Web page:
Courtney Love credits the Scientology-associated group Narconon (a drug rehabilitation organization) in the liner notes of one of her CDs, but her spokeswoman has stated that Courtney Love is not a Scientologist.
From: "The Challah Fame: Who's Who in Jewish Rock" (http://www.jewsrock.org/index.cfm?fuseaction=challah.view&page=L; viewed 6 November 2005):
Everything about Courtney Love is controversial, so it's no surprise that even her Jewish identity has been called into question. Half-Jewish groups have claimed Love as one of their own, but the singer has also stated that only one of her grandparents was a Jew. Add this to the various bizarre rumors about Love's background - could her mother actually be Marlon Brando's lovechild? - and her tendency to, well, make stuff up, and it becomes nearly impossible to determine the truth. As with all rock stars, though, we're probably best off accepting Courtney Love's stage persona. Unhinged and usually also undressed, Love has been thrashing around in the headlines since she was just the rocker wife of Nirvana frontman Kurt Cobain. As Cobain's star rose, Love's band Hole began to get attention, making Love a star when Live Through This was released not long after Cobain's suicide in 1994. Naysayers claimed that the album was written entirely by Love's husband; surprisingly, 1998's Celebrity Skin did very little to refute those rumors, possibly because so many of the songs sounded like the handiwork of Love's ex Billy Corgan. Love's band has since released America's Sweetheart, but the singer has gained more attention recently for several public meltdowns, at least one indecent exposure outside a Manhattan Wendy's, and a stint in rehab.
From: Matthew Berke, "Half-Jews: What do Gwyneth Paltrow, J. D. Salinger, and Paula Abdul have in common?", a review of The Half-Jewish Book: A Celebration, written by Daniel Klein and Freke Vuijst, on BeliefNet.com website (http://www.beliefnet.com/story/43/story_4373_1.html; viewed 6 November 2005):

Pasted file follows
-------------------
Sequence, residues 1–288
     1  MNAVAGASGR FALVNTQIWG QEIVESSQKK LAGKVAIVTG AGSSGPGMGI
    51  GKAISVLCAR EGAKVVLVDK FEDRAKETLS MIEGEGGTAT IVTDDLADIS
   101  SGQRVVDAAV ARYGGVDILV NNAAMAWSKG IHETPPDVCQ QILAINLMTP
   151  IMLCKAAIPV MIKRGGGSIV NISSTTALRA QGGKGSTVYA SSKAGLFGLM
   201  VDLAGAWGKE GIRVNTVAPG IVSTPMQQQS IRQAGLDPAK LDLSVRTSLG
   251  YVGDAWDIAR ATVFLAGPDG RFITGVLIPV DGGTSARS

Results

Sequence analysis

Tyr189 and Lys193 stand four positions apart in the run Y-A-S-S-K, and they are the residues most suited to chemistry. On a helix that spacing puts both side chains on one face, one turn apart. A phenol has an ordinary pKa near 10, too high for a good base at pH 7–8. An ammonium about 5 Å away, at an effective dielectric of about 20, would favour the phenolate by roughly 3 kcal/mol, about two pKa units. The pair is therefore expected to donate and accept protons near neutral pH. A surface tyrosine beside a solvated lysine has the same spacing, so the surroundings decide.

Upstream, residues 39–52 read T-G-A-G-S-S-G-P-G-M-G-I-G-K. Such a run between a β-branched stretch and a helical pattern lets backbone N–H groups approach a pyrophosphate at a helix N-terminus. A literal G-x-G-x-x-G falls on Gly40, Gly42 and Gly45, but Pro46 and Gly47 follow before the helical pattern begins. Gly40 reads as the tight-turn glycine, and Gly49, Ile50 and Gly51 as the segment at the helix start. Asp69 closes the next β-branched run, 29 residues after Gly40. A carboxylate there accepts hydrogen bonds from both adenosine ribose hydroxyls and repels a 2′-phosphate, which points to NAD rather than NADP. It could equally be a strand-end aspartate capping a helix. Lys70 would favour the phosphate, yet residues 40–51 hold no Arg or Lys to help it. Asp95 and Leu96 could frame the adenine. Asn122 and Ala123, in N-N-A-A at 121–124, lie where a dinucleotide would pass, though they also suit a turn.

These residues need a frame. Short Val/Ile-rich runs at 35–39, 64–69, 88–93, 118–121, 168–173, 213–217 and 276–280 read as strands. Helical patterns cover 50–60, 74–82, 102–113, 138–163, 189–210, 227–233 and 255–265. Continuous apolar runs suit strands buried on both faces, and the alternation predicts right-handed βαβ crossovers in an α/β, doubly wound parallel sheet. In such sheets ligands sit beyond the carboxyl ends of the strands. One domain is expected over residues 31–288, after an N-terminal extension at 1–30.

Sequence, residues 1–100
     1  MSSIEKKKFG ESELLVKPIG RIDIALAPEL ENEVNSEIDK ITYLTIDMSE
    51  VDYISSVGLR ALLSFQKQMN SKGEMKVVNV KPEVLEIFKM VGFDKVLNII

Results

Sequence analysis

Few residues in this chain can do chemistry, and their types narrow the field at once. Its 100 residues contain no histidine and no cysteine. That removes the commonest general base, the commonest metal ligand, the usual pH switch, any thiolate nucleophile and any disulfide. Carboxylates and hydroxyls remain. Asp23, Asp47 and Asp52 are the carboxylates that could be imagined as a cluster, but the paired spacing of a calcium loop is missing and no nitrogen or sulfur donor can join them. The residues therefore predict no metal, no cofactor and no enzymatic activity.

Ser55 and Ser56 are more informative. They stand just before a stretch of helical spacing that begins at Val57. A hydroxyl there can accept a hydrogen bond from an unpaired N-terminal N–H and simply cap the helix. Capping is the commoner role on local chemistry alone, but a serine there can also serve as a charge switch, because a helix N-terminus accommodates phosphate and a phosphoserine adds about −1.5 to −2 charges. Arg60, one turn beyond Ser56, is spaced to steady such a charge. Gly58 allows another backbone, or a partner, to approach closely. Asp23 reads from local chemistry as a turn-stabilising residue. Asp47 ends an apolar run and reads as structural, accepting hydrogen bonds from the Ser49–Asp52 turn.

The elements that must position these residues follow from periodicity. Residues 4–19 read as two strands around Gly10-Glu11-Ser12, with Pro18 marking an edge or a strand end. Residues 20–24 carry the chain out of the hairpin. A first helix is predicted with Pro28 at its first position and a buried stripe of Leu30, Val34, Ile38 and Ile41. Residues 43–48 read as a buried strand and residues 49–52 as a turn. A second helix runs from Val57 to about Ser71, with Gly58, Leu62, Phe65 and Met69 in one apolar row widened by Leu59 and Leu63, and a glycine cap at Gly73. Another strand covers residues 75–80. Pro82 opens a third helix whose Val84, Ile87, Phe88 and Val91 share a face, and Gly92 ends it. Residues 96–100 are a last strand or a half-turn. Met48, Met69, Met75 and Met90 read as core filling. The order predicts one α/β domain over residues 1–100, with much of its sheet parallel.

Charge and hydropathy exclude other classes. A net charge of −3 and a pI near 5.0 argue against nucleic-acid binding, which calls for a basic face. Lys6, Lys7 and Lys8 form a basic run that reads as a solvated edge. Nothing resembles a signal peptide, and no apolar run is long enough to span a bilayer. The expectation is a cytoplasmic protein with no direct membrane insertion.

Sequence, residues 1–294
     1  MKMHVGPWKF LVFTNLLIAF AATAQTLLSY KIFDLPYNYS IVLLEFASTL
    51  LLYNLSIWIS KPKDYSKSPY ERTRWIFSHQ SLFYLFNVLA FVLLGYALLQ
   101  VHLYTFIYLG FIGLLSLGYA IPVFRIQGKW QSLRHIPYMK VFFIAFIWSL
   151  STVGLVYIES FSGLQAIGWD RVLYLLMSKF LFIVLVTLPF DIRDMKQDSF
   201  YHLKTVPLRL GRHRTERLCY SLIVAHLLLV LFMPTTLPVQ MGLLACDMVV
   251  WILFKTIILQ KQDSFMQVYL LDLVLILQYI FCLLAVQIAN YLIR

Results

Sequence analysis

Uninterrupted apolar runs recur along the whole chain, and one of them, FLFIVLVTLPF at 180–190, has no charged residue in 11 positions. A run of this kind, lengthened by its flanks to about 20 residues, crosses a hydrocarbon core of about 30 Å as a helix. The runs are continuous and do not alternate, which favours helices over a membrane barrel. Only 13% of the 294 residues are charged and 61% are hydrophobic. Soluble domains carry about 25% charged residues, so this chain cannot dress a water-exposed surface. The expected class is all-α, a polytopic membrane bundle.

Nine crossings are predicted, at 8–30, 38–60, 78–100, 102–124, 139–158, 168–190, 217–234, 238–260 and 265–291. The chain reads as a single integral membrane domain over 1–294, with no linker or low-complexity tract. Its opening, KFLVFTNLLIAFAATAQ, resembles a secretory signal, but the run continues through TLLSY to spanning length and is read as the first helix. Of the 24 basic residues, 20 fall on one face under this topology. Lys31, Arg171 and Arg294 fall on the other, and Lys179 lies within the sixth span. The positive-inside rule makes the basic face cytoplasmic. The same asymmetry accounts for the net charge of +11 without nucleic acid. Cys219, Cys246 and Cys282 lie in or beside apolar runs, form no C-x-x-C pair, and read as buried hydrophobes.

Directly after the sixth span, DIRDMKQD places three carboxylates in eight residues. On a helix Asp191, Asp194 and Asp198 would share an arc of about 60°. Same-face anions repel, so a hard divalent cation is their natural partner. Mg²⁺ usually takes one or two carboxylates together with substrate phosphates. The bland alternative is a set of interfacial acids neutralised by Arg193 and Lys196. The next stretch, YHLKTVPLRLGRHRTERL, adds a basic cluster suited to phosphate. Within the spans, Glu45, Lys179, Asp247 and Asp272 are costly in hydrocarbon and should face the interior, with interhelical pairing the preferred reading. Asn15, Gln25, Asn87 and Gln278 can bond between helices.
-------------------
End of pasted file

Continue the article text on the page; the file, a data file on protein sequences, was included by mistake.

Once upon a time, the half-Jew was regarded as a strange and lonely figure--an outsider both to society at large and to the Jewish people... But as the intermarriage trend has continued, being half-Jewish suddenly seems unremarkably common. Indeed, according to Daniel Klein and Freke Vuijst, authors of The Half-Jewish Book, "halfies" now outnumber full-blooded Jewish children under the age of 11, and they're gaining on the rest.
More important, Klein and Vuijst contend, half-Jewish is not a partial or fragmented identity to be lamented, but rather a "rich and elaborate" double identity to be celebrated. Unfortunately, the authors--a married couple with a half-Jewish daughter-can't decide whether to name-drop glitzy personalities with Jewish origins or to explore their distinct new cultural sensibility. They end up doing a bit of both.
In People magazine mode, Klein and Vuijst provide a catalog of stars who are half-Jewish, including... Not all half-Jews are Hollywood types: the half-Jewish clan includes... singers Carly Simon, Arlo Guthrie, Paula Abdul, and Courtney Love...
Relatively few of the halfies considered here live religiously serious Jewish lives... Indeed, many observe no religion, multiple religions, or are practicing Christians, who, despite their feelings of attachment, are simply not part of the Jewish community... few will reconnect with Judaism...